Outside of clinical care, medical students function exclusively as the mission’s logisticians and manage their own international and in-country transport, housing, and non-governmental organization (NGO) partnerships. It should be noted that these trips are not an international experience loosely connected to the medical students’ curriculum, but rather are considered to be a formal part of medical students’ third-year surgical clerkship.

These efforts have been hugely rewarding for medical students, and previously published work on the program’s impact on students demonstrates the unique teaching points such trips provide while satisfactorily maintaining the same educational standards of a required surgical clerkship.10,13 Students have routinely reported that the empowering roles they hold as nonclinical trip leaders and the intensely fulfilling mentoring relationships formed in the months preceding the trip are unseen elsewhere in the traditional medical student curriculum. These trips also mark one of the few times in their medical school clinical training where students meet patients at first presentation and diagnosis, follow them to the operating room (OR), coordinate all facets of postoperative care, and then provide for discharge. Consistent with today’s trends in health care systems training, students are encouraged to consider the optimal care pathway given the patient’s limited external resources and the lack of access to further diagnostic testing.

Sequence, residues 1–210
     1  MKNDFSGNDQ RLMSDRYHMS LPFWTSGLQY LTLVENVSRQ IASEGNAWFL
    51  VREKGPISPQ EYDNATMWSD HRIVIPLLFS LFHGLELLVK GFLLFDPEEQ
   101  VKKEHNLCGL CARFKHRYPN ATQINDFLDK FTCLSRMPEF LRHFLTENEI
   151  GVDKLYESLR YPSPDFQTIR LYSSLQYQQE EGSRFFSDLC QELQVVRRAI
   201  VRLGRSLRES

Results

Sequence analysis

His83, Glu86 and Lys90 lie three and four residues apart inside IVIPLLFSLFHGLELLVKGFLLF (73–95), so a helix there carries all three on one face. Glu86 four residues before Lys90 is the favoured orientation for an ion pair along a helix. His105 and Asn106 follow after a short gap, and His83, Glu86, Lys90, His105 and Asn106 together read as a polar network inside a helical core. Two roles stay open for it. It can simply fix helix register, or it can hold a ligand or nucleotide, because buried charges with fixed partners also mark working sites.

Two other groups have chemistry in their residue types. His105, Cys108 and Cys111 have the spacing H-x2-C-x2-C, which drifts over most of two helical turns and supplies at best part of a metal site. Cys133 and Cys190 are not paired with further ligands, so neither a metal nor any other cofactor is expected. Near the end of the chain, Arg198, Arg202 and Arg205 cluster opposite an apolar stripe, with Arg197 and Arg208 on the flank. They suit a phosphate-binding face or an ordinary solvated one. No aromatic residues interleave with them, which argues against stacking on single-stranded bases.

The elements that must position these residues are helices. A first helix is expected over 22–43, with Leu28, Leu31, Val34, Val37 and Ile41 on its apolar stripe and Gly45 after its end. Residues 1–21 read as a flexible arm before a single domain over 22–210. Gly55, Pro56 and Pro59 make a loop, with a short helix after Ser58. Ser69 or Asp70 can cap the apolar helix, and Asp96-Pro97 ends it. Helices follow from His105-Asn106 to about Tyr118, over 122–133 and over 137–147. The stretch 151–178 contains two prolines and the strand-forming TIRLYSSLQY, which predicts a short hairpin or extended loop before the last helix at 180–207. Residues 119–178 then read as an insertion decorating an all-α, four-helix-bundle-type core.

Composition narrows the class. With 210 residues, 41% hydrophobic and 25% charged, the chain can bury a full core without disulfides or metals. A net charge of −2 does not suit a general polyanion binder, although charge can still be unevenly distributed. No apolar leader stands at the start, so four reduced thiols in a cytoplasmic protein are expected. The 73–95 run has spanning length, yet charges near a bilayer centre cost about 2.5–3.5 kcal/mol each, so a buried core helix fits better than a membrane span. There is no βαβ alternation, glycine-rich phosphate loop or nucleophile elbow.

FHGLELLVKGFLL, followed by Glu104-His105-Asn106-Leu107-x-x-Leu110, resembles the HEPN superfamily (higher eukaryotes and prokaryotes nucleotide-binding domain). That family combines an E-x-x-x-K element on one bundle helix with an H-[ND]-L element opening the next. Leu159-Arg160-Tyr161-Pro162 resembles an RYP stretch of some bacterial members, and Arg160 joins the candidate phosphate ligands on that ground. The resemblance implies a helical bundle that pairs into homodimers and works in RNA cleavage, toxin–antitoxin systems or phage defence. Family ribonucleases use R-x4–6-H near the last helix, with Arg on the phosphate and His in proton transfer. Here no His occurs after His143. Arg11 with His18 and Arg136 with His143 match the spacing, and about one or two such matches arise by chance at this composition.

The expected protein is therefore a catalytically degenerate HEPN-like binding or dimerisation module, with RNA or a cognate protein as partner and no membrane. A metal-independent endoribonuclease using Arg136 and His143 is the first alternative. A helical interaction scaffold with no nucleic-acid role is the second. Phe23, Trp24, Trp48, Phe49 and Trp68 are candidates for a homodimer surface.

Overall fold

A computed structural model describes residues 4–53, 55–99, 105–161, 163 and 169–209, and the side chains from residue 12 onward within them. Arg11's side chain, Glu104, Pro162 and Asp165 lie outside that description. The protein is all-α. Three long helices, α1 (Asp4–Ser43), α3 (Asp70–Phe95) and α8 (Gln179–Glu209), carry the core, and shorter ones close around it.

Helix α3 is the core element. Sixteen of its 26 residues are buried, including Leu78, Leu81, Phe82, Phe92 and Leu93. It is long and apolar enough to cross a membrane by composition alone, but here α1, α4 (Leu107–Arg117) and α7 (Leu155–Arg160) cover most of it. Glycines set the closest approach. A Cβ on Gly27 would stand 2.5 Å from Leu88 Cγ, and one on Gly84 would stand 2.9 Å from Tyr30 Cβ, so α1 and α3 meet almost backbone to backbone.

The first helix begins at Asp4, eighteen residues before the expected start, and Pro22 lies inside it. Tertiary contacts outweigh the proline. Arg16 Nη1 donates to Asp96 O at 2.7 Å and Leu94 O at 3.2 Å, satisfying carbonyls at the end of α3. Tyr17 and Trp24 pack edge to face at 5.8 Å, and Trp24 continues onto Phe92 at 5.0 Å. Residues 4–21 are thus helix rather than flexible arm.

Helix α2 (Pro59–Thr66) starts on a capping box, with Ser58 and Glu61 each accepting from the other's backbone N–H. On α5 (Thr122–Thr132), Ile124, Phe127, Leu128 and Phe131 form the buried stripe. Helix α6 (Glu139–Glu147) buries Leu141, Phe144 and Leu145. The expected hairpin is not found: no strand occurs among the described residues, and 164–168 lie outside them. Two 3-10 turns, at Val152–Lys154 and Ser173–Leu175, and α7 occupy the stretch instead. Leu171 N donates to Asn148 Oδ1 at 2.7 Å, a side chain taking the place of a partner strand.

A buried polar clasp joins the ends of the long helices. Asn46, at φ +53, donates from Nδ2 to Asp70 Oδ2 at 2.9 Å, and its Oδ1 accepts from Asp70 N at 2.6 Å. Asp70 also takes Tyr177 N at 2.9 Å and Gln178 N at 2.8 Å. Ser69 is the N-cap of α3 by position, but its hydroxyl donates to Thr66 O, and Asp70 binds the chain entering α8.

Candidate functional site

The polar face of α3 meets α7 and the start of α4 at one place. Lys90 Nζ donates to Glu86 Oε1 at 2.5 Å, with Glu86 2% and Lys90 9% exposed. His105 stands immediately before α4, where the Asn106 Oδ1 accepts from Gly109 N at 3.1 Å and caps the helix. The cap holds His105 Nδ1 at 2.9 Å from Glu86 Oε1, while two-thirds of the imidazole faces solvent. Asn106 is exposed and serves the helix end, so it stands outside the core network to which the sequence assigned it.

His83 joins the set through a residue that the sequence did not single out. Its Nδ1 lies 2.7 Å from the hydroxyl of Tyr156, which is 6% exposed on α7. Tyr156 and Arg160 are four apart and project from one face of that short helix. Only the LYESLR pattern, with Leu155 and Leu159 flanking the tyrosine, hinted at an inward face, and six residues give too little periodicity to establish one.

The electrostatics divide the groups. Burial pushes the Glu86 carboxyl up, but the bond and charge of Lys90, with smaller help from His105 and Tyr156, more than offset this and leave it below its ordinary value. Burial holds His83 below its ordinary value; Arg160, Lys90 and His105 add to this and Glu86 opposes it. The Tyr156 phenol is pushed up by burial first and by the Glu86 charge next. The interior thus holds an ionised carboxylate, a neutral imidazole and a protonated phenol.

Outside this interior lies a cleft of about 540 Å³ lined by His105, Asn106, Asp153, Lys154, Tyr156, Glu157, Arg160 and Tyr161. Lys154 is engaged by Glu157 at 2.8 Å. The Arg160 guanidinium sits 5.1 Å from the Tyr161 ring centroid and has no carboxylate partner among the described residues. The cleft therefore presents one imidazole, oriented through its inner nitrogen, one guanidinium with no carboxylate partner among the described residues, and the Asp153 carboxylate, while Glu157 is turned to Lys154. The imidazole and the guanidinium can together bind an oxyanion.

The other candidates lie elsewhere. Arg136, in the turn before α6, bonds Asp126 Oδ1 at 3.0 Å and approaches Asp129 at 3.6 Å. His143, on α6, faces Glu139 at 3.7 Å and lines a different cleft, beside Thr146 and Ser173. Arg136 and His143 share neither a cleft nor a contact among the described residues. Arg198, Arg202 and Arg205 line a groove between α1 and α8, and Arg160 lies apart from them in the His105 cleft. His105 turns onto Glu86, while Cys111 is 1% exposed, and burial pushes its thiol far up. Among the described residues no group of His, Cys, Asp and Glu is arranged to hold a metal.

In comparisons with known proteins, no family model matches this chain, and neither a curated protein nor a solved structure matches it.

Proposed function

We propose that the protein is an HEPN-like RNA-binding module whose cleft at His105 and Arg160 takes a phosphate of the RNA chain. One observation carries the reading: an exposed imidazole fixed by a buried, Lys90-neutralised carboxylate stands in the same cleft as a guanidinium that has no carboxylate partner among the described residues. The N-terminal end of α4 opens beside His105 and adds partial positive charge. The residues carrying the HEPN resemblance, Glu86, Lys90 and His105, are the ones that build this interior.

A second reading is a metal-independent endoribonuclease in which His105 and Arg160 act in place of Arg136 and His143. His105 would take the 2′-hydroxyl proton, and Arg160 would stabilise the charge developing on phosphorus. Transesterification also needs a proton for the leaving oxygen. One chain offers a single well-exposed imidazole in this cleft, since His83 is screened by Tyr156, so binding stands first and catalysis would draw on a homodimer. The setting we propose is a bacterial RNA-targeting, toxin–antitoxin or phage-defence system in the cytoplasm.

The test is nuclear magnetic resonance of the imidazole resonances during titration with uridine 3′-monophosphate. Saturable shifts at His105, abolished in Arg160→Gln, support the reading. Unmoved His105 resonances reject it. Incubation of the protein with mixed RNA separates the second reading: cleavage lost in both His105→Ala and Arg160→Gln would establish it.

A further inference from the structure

A win for attending surgeons

One of the most surprising benefits of this program has been the degree to which attending surgeons find personal development from the experience. With unnerving consistency, each year produces a few clinical cases that push the attending faculty to balance their surgical scope of expertise with the utter lack of resources or support if unexpected problems arise.9 For this reason, the leaders of Emory Medishare have spent a considerable amount of time identifying experienced faculty members with both breadth and depth of surgical training necessary to ensure the best “human armamentarium.” This strategy has given the team the capability of performing highly technical, low-technology procedures, such as urethral reconstruction and complex tumor resections, in appropriate patients.

The participating faculty have noted that opportunity to perform these types of procedures in settings that do not otherwise lend themselves to surgical care is immensely rewarding and is part of what motivates them to make the sacrifices of time and personal resources that are a consequence of participating in these missions.